Heat is a bit of a grey area. You can control artificial sources of heat (e.g., radiators) but you cannot control the weather. In the UK’s climate, this is unlikely to be a problem for the vast majority of the year.
In summer, however, temperatures can actually get very high. It’s also worth noting that even in spring and autumn, the sun does have the potential to start a fire. For example, if a ray gets channelled through glass, it can become an ignition for easily combustible material. This includes paper which is in plentiful supply in most workplaces.
For the most part, therefore, you will need to focus on eliminating sources of fuel i.e., flammable materials. If you can’t eliminate them, then you need to minimise the likelihood that they will come into contact with heat. For example, if you must store cardboard packaging in your workplace, try to keep it in a cool basement or dark, cool cupboard.
This is literally what fire detection systems are for. Fire detection systems are, however, of little use on their own. They need to be connected to fire alarms so that people can be alerted when a fire is detected.
It’s vital to choose the right fire detection mechanisms for your situation and to place them in the right areas. It’s equally vital to ensure that fire alarms can be heard by everybody in the building. That includes people who are not employees.
What this means in practice will depend on your workspace. If you are not clear on this, then it can be very helpful to get help from a professional. This doesn’t have to be expensive. In fact, companies that sell fire alarm supplies may well be able to offer guidance for free.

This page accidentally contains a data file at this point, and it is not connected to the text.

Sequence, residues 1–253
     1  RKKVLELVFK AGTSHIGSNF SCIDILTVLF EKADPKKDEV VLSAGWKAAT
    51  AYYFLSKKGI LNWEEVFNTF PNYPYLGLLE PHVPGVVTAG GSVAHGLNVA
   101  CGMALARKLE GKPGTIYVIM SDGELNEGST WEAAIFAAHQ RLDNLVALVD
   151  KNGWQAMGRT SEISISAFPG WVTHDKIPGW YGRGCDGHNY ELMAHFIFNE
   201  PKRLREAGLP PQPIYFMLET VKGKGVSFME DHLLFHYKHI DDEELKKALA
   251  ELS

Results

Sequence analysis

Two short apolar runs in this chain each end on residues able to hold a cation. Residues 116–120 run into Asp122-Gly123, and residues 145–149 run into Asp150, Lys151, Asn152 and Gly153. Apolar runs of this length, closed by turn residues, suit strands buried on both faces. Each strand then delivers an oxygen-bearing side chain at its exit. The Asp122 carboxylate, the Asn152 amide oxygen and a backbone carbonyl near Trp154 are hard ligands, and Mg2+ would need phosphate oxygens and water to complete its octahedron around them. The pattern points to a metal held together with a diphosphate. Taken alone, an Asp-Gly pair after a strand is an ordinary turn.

Once you have your fire detection system and fire alarms in place, you will need to ensure that they stay in working order. This means testing them regularly. The current British Standard is to test fire alarm systems a minimum of once a week. You should also get them serviced every 6 months.
React to fire
You must have a plan for what you will do if a fire is detected. This plan must be communicated to staff but you should never rely on them remembering it. A standard plan in workplaces is to extinguish a fire if possible and evacuate if not.
Some workplaces may have sprinklers, but these cannot be used safely on all fires. Fire extinguishers may be specific to fires created by certain types of fuel. It is, however, possible to buy fire extinguishers that are safe for use regardless of the fuel type. These are generally the preferred choice in workplaces as they are the simplest option.
All workplaces need to have clear and safe escape routes from all areas. This includes areas that are not considered workspaces (e.g., storage rooms). You can never know where people will be when a fire breaks out. The routes should be easy to follow, even in the dark (i.e., when it’s smoky).
When people have exited the building, they should meet at a designated assembly point and be role-called by a responsible party such as a fire warden.